The squadron ended the war having claimed 385 victories. Besides the October 1918 losses, some of the 26 aces serving in the unit were James McCudden, Thomas Sinclair Harrison, Camille Lagesse, Ross, Charles G.Charles G. Ross, Arthur Reed, future Major General Christoffel Venter, James Dennis Payne, Ernest Charles Hoy, Walter Bertram Wood, Francis James Davies, William Molesworth, Edgar O. Amm, Edgar G. Davies, Reginald H. Rusby, Alfred Shepherd, D'Arcy Fowlis Hilton, Arthur G. Jones-Williams, and Sydney Brown.

Following the war, the squadron briefly remained in Germany before being reduced to a cadre and returned to the UK in 1919, where it was disbanded on 31 December 1919. The unit was reformed on 1 April 1923, initially equipped with Sopwith Snipes. These were replaced with Gloster Grebes in January 1925. In turn, these were replaced by the Armstrong Whitworth Siskin III A in March 1928 and Bristol Bulldogs in June 1932.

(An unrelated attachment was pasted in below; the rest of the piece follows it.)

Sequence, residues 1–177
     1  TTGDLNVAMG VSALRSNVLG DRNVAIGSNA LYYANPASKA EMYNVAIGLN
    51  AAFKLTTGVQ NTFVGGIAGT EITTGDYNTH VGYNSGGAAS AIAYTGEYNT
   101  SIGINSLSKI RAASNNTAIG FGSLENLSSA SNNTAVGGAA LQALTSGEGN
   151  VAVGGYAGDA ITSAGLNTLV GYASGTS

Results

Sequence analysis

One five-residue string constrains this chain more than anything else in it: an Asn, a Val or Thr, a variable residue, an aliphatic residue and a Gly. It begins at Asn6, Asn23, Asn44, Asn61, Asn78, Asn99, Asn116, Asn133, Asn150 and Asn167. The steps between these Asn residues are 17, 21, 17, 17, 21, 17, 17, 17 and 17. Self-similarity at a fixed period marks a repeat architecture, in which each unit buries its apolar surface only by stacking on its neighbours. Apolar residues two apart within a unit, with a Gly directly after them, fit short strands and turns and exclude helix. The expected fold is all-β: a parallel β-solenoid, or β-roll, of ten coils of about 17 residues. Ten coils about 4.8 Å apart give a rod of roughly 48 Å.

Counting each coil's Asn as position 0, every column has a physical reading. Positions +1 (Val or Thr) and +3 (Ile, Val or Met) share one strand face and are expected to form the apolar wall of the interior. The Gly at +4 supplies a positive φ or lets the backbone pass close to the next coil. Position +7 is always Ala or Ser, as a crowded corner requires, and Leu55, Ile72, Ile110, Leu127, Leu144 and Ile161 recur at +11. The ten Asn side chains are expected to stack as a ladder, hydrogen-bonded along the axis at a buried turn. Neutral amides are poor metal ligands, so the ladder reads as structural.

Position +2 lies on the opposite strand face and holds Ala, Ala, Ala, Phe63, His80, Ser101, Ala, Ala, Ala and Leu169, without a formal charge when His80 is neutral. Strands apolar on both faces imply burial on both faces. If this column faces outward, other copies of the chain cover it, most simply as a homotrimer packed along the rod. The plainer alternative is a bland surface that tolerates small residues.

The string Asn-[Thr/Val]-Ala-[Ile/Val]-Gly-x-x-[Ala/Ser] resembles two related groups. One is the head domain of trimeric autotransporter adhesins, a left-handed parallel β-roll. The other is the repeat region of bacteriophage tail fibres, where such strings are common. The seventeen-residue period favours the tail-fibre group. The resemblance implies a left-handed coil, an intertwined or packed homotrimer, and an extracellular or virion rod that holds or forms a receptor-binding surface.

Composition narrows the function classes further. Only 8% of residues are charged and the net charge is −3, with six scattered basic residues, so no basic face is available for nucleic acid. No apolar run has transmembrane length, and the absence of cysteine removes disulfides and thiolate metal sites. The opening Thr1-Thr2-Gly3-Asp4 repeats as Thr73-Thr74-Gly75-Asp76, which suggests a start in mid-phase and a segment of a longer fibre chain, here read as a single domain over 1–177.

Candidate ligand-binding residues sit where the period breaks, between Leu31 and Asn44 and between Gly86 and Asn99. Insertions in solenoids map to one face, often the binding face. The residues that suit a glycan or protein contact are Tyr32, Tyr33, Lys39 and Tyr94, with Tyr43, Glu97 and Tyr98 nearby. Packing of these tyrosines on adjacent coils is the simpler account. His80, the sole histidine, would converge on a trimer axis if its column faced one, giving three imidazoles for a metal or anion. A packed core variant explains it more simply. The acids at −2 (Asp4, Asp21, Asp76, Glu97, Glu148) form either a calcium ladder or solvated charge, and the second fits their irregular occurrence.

In March 1935, nearly twenty years after it was first raised as a single seat fighter squadron, the squadron received two-seater Hawker Demons, which it operated until 1938. This included service in Egypt from October 1935 to 1936, during the Abyssinian crisis. The squadron also operated a few old Fairey Gordons for night patrols in Egypt.

As part of the Royal Air Force’s modernisation and expansion in the late 1930s, No 29 received Bristol Blenheim F.1 heavy fighters in December 1938.